Monday, April 26, 2010

How Perfect is Perfect Enough?

Roni at Fiction Groupie has another thought-provoking post:  Do You Write Quickly Enough to Maintain a Career.

This is something I've been thinking about a lot lately, mainly in terms of *starting* my career.

I keep hearing how your manuscript has to be PERFECT before you send it anywhere.  Look here and here. I wonder, "How perfect?" Is it really possible to write the perfect book? Will I sabotage myself by submitting it if it isn't ready? If I do my very best and it isn't good enough, does that mean I now blew any chance of ever getting it published? Can I revise it and give it a different title and try again?

So I'm terrified to say I'm done.  I mean, I could have been done five times over by now, but how do I know if it's really done?  I want to write a perfect book, but I know my skills aren't good enough for perfect, so is just "pretty good" okay?  How about, "as good as I can make it in four years?"  Is that good enough?

How much agonizing is productive, and how much is just... agonizing?

Should I pay for an expensive writing class, or professional editing?

I have no idea. These things paralyze the unpublished. Well, me at least.

Once you are published, you have professionals working with you to give you professional feedback, like your agent and editor. You also have the confidence of having sold at least one book already.

That's a whole different ballgame. At least,  I imagine it is.  I really wouldn't know.

Roni mentions in her post that some professional writers bang out first drafts in 4-6 weeks.  Wow.  That's impressive. Truly. But I can't imagine that any book written in 4-6 weeks would have the depth of character and story that one written in 4-6 months has. My own work has grown enormously just by having time to stew and get to know the characters and setting so well.

So, what do you think, readers?  Have you submitted work to agents or publishers yet, and how long did it take you to finish them?  Have you had any formal training or any professional editing?  How much did you think it helped?


  1. As good as I can make it in four years will do fine, in my opinion.

    I think it's a mistake to spend too long with a first book (I'm assuming this is your first, Christine), as your second and third are likely to be so much better. Also, if an agent/publisher believes your book will sell, they are surprisingly tolerant of its shortcomings. HC picked up Miranda Dickinson when her book wasn't even finished, plus they got her to change parts of it.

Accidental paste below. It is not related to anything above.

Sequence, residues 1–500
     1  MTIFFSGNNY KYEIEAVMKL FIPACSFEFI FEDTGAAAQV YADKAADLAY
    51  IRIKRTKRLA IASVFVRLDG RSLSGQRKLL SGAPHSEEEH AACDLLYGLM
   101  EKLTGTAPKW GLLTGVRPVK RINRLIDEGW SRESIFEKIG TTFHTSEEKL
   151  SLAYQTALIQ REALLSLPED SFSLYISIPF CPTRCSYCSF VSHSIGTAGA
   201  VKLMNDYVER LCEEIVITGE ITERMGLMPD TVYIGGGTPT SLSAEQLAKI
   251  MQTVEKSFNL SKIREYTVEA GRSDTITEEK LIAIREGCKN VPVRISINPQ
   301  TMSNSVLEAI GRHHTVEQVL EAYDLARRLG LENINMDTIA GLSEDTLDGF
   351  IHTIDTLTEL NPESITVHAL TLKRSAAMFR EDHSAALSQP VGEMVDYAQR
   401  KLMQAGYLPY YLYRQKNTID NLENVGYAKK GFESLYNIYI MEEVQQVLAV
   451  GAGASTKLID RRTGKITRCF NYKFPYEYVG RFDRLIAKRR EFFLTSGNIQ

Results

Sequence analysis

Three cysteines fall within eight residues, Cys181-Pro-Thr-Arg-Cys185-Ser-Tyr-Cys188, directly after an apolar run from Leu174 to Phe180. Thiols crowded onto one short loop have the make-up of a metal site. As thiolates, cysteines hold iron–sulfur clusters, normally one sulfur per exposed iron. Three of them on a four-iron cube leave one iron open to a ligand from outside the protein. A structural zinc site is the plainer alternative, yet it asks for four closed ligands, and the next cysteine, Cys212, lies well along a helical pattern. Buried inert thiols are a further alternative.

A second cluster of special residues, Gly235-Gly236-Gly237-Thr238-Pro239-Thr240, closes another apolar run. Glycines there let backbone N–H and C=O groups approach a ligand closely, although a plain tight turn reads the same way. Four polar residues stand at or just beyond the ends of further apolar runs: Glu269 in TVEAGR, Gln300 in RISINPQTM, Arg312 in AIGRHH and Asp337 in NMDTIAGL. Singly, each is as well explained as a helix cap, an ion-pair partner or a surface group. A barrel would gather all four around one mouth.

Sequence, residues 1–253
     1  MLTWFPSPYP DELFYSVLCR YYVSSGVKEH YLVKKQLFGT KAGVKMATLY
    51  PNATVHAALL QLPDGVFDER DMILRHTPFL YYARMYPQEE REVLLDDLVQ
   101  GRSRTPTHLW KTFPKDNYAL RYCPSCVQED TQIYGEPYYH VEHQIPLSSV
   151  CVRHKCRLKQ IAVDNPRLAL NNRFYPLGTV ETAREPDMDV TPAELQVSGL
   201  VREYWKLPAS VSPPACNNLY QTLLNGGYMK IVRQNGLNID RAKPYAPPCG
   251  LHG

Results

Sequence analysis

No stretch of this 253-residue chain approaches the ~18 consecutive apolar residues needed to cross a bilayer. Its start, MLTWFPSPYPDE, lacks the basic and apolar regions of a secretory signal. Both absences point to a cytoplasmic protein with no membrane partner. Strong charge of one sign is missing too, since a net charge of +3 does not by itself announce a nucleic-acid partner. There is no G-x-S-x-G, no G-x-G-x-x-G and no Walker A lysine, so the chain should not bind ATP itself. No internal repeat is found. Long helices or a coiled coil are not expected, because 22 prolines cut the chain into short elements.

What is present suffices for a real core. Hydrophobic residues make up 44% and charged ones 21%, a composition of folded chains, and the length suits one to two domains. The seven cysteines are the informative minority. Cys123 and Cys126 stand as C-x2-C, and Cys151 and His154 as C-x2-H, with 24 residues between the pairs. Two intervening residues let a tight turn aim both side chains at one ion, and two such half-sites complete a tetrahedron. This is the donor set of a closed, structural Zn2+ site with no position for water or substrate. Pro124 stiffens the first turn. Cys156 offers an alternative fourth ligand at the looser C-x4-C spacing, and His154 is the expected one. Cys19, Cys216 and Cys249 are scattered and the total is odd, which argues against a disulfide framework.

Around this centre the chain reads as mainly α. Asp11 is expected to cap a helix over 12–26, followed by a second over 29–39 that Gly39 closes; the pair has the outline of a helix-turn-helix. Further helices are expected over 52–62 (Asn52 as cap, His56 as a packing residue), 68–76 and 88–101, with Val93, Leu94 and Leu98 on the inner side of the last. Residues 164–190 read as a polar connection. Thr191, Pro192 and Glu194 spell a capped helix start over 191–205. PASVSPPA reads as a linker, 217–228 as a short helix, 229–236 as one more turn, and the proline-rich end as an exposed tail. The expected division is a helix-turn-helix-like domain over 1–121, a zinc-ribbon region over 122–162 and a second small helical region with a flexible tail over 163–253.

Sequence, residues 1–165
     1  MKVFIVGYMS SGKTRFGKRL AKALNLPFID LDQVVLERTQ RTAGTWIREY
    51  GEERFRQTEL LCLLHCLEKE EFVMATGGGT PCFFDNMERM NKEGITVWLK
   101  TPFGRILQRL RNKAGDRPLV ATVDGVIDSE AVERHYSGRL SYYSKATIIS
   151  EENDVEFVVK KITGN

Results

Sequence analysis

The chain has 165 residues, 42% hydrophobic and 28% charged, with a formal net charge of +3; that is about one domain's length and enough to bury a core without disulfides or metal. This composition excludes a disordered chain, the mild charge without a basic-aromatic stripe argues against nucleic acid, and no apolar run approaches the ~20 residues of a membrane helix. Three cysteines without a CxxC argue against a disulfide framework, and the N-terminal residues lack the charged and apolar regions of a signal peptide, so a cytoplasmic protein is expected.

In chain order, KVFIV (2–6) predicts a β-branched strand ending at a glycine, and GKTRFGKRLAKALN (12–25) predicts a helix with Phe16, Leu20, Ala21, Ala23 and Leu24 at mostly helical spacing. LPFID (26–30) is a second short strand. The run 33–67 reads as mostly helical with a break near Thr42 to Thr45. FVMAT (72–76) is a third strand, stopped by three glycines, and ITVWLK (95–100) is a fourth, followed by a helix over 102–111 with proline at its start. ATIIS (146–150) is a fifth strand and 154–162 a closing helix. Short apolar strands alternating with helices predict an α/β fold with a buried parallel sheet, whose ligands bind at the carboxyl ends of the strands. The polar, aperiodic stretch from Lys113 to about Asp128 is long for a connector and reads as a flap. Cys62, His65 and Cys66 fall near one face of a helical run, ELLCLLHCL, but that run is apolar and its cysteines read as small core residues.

I learnt the craft aspects of writing on YouWriteOn, where I made excellent writer friends who still help and advise me. I use Autocrit, mainly because of my word echo problem, but am fairly confident in my editing skills.

    Submitting *sigh* - I'm about to start on my third tranche of submissions. Four requests for the full ts so far, but no deal.

  2. Six months is a good time frame for me to write a book and have my beta readers reader it. Although right now I'm about one month behind that goal. I learned a lot from dealing with my editors from my ebook companies. I'll be querying my fourth book soon to agents so we'll see if anything comes of it!

  3. Aubrie, how do you come up with a concept and fully flesh it out in six months? Can you elaborate on the process?

  4. Thanks for linking to me. I responded to your post questions in my comments so I won't repeat that. But I will answer the questions you asked at the end. My first novel took about 6 months for me to write and edit. However, it's significantly flawed, and I have since recognized that it was my "practice" novel. After that, I started blogging, reading books on craft, joined a crit group, and went to a few workshops--basically threw myself into the craft aspect.

    My second book, which was a shorter venture (55k), took about 2.5 months to write and then another month or two going through crit group and editing. This one, so far, is proving to be more successful (contest wins and full requests)--so we'll see. But I did learn with that one to let go of the idea of perfection (at least a little bit).

    Get yours to where you feel good about it (not perfection) and send it out to a few agents (not the whole list) to test the waters. See if you get any interest or feedback. That'd be my advice. :)

  5. Thanks, Roni and Lexi. I've heard several people say not to worry too much over your first book, but the fact is, I love this book. I want it to be published. I don't want to toss it away and write something else. How can I write a better book the second time, if I don't figure out what I'm doing the first time?

    Especially since the second book will probably be a sequel to this one. ;o)

    This isn't actually my first book. It's my third. But the other two never got finished.

  6. I find that most books, like a human child, take nine months for me to write in a first, then revised draft. But each author is different, as each novel is different.

    Don't forget about Lilah's LAST LINES BLOGFEST. I had to post my entry early due to work. I look forward to reading yours, Roland


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